11 May 2010

Housing market continues to pick up according to the RICS

Housing market continues to pick up according to the RICS

Housing market continues to pick up according to the RICS The market is becoming more buoyant surveyors suggest.

The UK's property market is benefiting from its normal spring pick up, the Royal Institution of Chartered Surveyors (Rics) said.

Its latest monthly survey of 245 members who work as estate agents suggests that prices are still going up.

In April, 17% more surveyors said prices were rising rather than falling, up from 9% in March.

Sales have picked up very slightly as well, Rics reported.

The average number of homes sold per surveyor rose to 17.

4 over the three months to the end of April.

A rise in the number of homes being put up for sale again outstripped the increase in enquiries from potential new buyers, which might suggest downward pressure on prices in the coming months.

But overall, Rics said its members had become much more optimistic about both sales and prices.

"The start of spring has seen renewed optimism with the good weather improving sentiment and surveyors expecting an increase in both sales and house prices," said Rics spokesman Jeremy Leaf.

"The housing market often sees an increase in new instructions in the early part of the year with sales boosted in the spring and this year has been no exception," he added.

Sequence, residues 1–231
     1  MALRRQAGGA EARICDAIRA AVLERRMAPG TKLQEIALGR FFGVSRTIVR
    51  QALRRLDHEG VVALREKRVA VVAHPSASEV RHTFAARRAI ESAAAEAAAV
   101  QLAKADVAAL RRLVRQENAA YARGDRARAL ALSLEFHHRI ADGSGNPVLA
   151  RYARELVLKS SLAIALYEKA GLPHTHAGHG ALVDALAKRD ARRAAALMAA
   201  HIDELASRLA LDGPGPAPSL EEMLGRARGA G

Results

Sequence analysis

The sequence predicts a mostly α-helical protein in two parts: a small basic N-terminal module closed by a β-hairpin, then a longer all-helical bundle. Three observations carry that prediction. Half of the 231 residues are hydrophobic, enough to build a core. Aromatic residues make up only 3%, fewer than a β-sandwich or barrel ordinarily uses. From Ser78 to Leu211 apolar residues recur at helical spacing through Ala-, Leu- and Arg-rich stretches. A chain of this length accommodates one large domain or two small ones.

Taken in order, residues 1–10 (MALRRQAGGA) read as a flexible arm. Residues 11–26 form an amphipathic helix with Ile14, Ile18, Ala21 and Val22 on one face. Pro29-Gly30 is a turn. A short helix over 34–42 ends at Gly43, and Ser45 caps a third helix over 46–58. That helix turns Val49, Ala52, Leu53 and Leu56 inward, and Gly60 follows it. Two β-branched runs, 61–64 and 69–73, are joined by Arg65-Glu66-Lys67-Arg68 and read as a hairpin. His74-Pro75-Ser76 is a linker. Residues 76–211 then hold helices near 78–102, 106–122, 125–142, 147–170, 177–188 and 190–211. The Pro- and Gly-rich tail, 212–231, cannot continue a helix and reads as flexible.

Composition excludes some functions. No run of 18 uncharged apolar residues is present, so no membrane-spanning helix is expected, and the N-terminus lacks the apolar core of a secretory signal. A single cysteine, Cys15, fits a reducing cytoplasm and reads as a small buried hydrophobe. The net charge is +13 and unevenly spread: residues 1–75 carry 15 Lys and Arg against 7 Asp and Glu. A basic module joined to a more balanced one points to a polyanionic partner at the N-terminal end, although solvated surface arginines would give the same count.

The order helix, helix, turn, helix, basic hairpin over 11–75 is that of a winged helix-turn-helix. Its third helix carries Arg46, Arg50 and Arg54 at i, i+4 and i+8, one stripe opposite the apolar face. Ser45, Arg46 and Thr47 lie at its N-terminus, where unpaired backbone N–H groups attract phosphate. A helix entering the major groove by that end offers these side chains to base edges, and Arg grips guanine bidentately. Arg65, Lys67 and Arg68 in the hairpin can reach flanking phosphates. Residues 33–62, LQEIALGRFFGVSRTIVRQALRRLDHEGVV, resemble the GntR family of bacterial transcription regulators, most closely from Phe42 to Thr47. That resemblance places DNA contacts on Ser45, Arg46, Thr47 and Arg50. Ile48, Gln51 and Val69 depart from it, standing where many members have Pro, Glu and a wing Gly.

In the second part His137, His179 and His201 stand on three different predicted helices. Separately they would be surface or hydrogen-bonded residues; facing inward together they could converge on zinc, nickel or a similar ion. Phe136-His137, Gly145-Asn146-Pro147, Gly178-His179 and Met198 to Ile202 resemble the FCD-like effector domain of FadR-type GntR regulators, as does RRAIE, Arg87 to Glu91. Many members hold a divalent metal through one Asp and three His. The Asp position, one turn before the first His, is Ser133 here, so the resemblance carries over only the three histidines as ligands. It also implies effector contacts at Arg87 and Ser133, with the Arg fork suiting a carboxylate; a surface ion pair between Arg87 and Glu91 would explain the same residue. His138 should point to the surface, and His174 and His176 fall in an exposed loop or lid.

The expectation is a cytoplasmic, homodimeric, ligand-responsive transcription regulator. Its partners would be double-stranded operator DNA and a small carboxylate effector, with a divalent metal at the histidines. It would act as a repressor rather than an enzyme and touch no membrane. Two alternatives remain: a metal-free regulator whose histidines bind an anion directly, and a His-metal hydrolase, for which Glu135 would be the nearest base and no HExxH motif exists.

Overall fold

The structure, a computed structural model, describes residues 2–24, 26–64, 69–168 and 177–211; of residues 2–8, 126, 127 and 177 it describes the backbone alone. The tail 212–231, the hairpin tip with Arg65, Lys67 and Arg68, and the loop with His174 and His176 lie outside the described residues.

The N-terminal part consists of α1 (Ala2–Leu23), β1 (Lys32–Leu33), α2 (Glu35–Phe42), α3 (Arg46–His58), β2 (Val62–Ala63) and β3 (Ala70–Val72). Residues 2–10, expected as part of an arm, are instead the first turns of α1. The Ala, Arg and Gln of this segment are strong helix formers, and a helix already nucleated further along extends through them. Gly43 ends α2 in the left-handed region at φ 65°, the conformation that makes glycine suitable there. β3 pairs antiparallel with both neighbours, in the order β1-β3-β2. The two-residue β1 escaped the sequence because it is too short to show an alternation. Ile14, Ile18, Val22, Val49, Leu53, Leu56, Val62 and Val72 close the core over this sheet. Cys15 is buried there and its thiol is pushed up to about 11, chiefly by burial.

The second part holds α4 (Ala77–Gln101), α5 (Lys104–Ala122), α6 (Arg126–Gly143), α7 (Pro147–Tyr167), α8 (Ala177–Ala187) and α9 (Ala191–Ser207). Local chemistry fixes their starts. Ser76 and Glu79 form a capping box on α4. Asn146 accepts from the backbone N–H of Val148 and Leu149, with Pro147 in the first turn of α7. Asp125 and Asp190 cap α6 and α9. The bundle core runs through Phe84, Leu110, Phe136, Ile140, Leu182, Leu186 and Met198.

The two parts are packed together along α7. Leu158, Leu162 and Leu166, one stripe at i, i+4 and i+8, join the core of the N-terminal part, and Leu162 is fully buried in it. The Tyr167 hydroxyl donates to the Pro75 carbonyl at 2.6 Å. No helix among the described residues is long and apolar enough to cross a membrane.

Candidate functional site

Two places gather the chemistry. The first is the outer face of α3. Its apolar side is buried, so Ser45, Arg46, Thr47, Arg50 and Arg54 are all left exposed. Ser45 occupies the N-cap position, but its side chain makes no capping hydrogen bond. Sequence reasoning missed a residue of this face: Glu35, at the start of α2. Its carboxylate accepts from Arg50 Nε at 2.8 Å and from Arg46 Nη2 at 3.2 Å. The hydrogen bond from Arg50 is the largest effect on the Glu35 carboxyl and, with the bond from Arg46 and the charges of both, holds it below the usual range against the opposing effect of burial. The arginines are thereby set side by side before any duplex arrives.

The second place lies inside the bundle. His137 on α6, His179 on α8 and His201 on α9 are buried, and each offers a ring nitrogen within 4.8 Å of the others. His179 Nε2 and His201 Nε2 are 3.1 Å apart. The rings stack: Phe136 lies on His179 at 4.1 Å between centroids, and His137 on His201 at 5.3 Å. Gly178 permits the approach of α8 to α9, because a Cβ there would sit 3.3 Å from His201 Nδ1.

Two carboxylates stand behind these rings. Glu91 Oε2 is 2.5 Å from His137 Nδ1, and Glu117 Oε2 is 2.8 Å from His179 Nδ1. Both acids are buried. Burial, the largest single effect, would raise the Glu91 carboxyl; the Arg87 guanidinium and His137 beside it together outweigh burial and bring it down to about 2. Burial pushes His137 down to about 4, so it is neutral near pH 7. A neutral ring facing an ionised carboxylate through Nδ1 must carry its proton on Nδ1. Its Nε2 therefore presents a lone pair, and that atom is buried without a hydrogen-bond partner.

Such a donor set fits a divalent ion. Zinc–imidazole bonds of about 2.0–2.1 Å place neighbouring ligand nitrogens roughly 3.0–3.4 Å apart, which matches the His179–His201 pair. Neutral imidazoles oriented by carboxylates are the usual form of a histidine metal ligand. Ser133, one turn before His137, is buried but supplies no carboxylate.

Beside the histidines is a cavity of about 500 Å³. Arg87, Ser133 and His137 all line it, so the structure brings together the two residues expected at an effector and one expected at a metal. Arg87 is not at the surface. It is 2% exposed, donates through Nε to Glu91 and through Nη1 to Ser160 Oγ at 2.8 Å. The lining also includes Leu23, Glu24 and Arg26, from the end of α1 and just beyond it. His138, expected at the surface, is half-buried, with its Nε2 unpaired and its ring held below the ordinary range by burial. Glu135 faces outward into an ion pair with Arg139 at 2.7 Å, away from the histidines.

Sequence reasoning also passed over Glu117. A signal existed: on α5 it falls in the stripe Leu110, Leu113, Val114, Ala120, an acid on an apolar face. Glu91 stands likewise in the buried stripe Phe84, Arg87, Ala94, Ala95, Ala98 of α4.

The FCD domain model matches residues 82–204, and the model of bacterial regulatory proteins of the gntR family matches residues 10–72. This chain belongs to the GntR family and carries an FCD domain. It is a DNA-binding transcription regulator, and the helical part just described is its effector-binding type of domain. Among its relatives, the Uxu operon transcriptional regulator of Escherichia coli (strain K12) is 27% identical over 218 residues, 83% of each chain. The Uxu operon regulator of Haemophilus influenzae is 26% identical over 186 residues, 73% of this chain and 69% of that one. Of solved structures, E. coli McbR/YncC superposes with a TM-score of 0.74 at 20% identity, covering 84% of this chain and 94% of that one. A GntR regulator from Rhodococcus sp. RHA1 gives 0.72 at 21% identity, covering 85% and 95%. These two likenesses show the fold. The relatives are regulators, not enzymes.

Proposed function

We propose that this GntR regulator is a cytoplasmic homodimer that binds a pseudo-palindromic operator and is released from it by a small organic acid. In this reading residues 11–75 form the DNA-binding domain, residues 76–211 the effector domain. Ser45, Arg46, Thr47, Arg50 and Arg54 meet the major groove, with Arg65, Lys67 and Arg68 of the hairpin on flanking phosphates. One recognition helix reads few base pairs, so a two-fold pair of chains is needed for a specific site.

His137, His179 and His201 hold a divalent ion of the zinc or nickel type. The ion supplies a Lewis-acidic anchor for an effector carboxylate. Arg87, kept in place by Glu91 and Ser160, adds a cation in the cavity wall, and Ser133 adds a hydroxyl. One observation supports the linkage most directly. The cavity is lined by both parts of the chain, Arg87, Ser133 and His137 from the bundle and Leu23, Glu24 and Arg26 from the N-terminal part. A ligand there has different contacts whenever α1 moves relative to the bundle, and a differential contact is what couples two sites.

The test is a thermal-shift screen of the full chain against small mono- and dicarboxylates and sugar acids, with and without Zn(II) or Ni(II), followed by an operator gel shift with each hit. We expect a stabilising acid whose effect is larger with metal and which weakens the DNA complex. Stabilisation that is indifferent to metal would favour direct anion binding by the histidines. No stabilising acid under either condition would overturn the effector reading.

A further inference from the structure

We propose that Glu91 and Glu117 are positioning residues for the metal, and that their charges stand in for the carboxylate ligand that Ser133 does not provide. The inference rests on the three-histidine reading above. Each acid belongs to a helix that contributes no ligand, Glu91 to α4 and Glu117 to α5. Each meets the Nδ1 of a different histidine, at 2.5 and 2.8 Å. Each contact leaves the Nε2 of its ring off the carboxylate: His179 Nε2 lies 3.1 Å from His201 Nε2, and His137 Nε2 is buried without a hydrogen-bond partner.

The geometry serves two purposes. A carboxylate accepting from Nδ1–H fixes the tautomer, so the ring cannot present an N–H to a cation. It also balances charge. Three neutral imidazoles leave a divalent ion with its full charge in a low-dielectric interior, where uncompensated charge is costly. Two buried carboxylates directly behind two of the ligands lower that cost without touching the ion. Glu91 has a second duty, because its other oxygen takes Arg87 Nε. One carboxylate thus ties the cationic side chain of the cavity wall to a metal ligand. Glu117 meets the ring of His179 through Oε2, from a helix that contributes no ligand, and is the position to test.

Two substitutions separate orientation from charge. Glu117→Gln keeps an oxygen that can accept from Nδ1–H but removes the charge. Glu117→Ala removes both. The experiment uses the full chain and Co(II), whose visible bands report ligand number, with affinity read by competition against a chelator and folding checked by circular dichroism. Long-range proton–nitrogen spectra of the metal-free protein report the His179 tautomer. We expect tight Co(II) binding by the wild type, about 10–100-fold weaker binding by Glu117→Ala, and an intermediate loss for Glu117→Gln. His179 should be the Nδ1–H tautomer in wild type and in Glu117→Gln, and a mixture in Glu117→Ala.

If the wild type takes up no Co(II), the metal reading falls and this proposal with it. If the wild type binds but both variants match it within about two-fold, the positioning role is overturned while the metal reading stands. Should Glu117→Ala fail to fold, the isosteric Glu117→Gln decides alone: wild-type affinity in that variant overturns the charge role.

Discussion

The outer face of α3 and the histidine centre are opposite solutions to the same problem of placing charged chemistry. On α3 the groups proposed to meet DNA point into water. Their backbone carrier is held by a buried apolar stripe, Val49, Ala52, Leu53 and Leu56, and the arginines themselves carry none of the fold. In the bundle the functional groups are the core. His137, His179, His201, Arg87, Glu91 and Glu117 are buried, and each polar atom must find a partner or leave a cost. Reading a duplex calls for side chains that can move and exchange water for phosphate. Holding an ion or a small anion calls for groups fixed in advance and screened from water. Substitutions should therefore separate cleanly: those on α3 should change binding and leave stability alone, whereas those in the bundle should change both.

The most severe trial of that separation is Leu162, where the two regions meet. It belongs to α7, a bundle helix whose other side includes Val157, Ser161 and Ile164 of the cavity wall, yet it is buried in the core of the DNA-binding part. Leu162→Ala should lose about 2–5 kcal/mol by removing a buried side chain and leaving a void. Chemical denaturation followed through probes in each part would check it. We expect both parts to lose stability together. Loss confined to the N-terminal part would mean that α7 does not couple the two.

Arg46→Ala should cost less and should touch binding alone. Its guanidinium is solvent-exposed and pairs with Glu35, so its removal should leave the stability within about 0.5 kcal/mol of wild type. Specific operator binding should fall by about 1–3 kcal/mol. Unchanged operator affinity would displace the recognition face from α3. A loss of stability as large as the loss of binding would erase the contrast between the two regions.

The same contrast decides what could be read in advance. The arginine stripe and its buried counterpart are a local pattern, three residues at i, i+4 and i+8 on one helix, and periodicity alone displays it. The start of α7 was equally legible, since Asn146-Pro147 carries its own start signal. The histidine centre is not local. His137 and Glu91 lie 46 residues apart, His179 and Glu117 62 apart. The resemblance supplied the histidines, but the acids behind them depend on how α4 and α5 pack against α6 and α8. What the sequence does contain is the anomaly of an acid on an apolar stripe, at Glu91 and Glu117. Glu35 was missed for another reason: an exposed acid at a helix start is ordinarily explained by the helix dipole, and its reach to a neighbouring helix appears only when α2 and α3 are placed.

Regional variation The feedback from Rics members contrasts with other recent reports on the state of the property market.

Although prices have risen noticeably in the past year, the upward trend has been easing off in recent months, according to lenders such as the Halifax and Nationwide.

Sales have been distinctly sluggish too across the UK.

Although slightly higher than in the first three months of 2009, sales were still lower than in the first quarter of any year since statistics were first kept in their present form by HM Revenue & Customs in 1977.

According to Rics, whether prices are rising or falling depends very much on where you live.

They have been rising fastest in London and the South East, but are falling in Yorkshire, Humberside, Wales and Northern Ireland.

  Share on social media